So what does it look like?
In a perfect world, our mobile phones would work correctly, all day long. Every time we entered a number, a crisp voice would answer, “Hello?”
However, the real world is a labyrinth of obstructions: Thick walls, metal frames, competing signals, distant cell towers, and whole skyscrapers stand in our way.
Drive behind a mountain, and you’ll scream through static until the signal finally cuts out. Delays and echoes can make phone calls even more frustrating, and most of the time your environment is to blame.
There is an insider trick to works wonders. Tap or click here for a secret smartphone trick that will boost your weak signal on the go.
Ironically, many people struggle with poor signals inside their homes. Your house – which used to be the only reliable place you could make a call – may be filled with signal-muffling architecture and distracting devices. If your home doesn’t afford a clear shot to the nearest cell tower, you’ve got a problem because you’re probably not going to move anytime soon. Then again, what if your house is one giant dead spot? Should you never place a call from your living room?
Related: Maybe you need a new phone? A look at the 10 best smartphones in the world.
There are at least three ways to keep the signal strong. Improving your cell service is a trial-and-error task, and it’s impossible to tell whether these techniques will work unless you try them. In the end, you may just have to switch carriers. But if you’re willing to troubleshoot, you may find yourself with much clearer conversations.
1. Get a signal booster
Also called a “repeater,” a signal booster does just that: It boosts your cell signal. Put the unit in an area of the house where you have good reception, such as a window sill, and it will extend that stronger signal to the rest of the house. Some repeaters also come with an external antenna you can mount outside.
Boosters are a little pricey; some carriers sell reasonably priced models, but this isn’t always ideal because a booster usually only works with that carrier’s signal. So if you have family members or visiting friends who use another carrier, and they also have a weak signal, this won’t help them.
A third-party company like zBoost or weBoost makes boosters that do work with multiple carriers. However, you’re probably going to have to pay for this out of pocket. On the lower end, these gadgets set you back about $200.
Plus, if you want higher speed 4G coverage, you can expect booster prices to balloon to $300 or more. However, 4G is mainly an advantage only if you use your phone for internet connections. If you already have Wi-Fi at home, you can use your home internet connection on your phone and not the more expensive 4G booster.
2. Try a femtocell
Femtocell is also called a “microcell” (AT&T) or a “network extender” (Verizon), which sounds suspiciously like a booster. You even use it similarly: stick it in your house and femtocell broadcasts a strong cellular signal.
The difference is that the femtocell needs to plug into your router so it can use your internet connection. That’s how it connects your phone to the carrier’s servers. This enables femtocell to work in an area where you have absolutely no signal at all. So it’s suitable for rural locations or an apartment surrounded by high-rise buildings.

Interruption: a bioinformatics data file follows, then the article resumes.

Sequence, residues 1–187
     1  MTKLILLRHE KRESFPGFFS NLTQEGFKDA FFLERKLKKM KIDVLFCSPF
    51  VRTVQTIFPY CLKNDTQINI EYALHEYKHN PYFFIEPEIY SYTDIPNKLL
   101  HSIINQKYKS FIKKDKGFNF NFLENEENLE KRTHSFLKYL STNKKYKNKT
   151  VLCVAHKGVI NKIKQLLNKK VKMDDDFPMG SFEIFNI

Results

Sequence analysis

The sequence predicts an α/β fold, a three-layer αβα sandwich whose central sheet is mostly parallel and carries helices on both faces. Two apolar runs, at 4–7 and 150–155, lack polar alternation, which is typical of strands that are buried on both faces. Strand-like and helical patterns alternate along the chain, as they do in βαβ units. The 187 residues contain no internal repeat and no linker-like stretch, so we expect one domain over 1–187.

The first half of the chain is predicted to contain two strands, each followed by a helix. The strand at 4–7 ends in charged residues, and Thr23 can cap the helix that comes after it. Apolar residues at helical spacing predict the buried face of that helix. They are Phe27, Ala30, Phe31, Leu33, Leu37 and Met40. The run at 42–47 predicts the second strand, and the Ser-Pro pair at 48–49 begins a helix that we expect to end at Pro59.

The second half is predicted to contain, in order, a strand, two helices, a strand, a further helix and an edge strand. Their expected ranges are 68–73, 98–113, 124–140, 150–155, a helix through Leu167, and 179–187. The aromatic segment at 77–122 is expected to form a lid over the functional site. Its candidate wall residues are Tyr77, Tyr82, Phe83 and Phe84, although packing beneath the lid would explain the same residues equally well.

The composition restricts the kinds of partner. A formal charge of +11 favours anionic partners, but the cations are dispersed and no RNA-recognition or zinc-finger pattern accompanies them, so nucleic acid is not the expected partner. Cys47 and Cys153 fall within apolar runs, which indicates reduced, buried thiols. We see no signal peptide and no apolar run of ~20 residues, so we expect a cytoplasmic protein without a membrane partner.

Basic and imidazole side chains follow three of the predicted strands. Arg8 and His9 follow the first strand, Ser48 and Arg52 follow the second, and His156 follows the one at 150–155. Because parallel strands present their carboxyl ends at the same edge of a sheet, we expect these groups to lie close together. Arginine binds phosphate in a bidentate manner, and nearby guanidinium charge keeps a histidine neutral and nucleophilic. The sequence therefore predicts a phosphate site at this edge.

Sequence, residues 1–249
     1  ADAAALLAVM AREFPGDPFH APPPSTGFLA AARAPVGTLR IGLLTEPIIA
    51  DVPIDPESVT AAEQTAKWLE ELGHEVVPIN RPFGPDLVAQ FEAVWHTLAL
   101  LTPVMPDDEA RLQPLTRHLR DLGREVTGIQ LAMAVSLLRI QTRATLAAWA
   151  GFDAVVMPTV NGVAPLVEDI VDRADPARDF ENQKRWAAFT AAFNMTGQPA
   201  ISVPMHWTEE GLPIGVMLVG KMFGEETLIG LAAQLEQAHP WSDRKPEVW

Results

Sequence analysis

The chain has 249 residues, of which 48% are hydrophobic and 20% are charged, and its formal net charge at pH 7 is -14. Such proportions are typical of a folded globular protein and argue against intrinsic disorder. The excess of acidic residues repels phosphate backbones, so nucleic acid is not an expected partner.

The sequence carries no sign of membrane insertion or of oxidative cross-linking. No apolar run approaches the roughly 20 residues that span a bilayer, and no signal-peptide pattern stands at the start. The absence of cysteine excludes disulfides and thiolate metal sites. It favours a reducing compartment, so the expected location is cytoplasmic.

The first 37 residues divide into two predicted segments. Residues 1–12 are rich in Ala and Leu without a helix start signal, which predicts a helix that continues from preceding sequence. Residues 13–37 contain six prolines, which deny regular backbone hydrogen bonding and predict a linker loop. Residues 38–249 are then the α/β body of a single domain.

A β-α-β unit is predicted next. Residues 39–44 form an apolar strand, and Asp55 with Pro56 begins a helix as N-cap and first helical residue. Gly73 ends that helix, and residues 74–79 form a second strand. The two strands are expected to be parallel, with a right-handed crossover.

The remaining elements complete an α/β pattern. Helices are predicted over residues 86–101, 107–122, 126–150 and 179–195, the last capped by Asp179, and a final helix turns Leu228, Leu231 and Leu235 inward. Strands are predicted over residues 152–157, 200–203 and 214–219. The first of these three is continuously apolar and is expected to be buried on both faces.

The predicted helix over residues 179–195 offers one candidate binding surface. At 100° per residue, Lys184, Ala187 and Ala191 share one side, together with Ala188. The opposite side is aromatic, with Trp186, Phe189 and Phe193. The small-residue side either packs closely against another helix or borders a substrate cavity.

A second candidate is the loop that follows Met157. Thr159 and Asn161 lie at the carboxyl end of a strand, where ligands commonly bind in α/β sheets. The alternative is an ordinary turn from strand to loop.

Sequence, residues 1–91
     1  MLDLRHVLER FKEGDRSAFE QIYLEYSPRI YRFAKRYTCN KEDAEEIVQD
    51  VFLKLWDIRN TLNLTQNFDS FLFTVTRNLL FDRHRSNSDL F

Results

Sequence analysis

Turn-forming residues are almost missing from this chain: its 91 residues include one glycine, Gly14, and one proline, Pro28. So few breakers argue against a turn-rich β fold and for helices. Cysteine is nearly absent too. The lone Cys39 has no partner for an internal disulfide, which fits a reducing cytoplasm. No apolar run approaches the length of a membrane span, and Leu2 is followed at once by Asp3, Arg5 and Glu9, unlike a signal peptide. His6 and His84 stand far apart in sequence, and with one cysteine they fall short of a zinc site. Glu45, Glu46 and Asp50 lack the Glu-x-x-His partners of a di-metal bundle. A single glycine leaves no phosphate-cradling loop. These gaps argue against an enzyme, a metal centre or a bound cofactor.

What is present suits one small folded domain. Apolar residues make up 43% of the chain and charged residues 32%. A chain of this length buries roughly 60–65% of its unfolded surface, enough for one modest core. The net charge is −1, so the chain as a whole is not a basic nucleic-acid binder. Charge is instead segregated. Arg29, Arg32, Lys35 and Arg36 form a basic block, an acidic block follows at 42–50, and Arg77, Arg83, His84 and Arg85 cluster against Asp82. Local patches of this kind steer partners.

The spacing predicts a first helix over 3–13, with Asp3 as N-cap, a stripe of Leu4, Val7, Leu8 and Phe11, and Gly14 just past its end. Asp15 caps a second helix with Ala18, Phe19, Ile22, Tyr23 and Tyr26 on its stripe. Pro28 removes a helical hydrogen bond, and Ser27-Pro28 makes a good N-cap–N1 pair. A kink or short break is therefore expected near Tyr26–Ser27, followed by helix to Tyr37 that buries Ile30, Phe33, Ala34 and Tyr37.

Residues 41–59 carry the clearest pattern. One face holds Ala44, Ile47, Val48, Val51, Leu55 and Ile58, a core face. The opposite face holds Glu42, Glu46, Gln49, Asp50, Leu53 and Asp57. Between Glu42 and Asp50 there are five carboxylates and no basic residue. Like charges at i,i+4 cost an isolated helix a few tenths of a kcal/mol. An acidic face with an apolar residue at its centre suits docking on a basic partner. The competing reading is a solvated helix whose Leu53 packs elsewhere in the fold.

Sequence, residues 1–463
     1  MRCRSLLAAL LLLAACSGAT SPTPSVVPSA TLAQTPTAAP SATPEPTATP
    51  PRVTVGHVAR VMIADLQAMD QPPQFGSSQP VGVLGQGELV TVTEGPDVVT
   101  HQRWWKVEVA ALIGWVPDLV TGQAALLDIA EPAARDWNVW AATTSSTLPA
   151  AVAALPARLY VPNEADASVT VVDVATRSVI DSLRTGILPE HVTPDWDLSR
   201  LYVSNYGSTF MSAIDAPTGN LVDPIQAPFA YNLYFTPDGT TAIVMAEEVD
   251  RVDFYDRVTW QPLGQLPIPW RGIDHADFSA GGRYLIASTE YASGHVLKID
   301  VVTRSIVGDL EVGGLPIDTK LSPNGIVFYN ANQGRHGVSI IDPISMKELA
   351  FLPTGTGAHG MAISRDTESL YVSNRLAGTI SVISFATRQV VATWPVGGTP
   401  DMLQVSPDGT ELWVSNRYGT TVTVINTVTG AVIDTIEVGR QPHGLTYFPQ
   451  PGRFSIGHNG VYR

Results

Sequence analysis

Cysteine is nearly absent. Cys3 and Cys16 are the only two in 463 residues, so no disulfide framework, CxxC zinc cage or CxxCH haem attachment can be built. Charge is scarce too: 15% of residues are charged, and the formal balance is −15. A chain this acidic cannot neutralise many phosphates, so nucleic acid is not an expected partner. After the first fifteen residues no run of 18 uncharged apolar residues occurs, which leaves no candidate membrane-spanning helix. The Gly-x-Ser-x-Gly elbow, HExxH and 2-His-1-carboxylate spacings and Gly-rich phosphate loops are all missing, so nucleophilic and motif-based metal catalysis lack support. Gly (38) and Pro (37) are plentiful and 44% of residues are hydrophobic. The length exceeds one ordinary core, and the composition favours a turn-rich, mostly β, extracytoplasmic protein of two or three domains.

The downside is that if you get one of these from a carrier, it will only work for that carrier’s phones. Also, in this case, third-party options that cover multiple carriers are practically non-existent. It also doesn’t work very well with satellite internet.
The strangest side effect of a femtocell is that almost anyone can use it, as long as they subscribe to the same carrier even people strolling past your house. Their calls will go through your internet connection, possibly slowing down your Wi-Fi traffic and affecting high-volume activities, like streaming videos or large downloads. With Verizon, you can set priority numbers, so you always get service first. Still, other people could still be leeching off your internet connection.
Many times your mobile provider will lend you a femtocell for free or for a one-time fee. It’s better for the carrier to provide a femtocell for free than to lose a customer.
If your carrier doesn’t lend it to you for free, femtocells will set you back anywhere from $50 to $250, depending on the brand and the amount of data.
3. Make calls over Wi-Fi
You may have a Wi-Fi wireless network already set up in your home. If you’re using it for home internet access on your smartphone and tablet, then you’re already saving money on your cellular data plan and avoiding overages.
Wi-Fi can also make calls and send texts using apps like Skype, Google Hangouts, Apple’s iMessage and other third-party messaging apps like WhatsApp. So if you don’t have a signal, not to worry. Historically, this has meant both parties (caller and receiver) using the same apps.
However, now, all four major carriers T-Mobile, AT&T, Sprint, and Verizon have developed Wi-Fi calling for their phones. When this feature is enabled due to a weak signal, your phone will automatically switch over to a nearby open Wi-Fi network so you won’t even notice.
You can also switch to a phone system like Republic Wireless, which uses Wi-Fi calling as a primary feature. Republic Wireless offers low-cost plans because it mostly relies on Wi-Fi for calling and texting and only uses cellular when Wi-Fi isn’t available. Again, the switch is seamless.
Of course, calling over Wi-Fi means you need a Wi-Fi network. Tap or click here to always find the closest free Wi-Fi. Easy!
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